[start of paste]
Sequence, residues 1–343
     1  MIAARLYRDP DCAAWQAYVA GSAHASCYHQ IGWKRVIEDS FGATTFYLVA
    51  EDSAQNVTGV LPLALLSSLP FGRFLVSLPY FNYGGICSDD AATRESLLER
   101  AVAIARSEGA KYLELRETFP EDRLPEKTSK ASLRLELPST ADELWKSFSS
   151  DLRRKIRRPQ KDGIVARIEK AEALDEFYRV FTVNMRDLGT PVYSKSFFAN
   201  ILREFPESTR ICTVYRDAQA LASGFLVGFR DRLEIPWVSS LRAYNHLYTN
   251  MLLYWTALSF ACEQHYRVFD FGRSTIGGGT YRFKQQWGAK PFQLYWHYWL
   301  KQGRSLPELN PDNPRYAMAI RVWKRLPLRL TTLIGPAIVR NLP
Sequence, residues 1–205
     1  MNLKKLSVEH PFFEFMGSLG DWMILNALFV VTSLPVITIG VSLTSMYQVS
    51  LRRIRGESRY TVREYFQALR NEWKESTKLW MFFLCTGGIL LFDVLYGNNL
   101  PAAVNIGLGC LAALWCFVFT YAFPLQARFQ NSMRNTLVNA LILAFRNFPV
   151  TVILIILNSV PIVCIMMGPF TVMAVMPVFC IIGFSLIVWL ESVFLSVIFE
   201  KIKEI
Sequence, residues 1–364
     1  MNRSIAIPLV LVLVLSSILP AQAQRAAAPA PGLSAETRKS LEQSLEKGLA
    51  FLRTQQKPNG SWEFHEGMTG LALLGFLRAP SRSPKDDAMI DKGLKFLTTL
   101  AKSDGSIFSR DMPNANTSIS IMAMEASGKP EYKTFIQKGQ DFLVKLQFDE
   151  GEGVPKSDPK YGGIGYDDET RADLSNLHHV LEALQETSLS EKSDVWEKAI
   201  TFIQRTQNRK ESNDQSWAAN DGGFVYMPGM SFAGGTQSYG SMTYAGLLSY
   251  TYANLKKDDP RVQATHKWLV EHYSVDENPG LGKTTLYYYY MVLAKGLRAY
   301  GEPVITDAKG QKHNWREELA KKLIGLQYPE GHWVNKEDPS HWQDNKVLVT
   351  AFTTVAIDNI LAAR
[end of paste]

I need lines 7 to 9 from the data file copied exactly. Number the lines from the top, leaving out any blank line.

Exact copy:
   251  MLLYWTALSF ACEQHYRVFD FGRSTIGGGT YRFKQQWGAK PFQLYWHYWL
   301  KQGRSLPELN PDNPRYAMAI RVWKRLPLRL TTLIGPAIVR NLP
Sequence, residues 1–205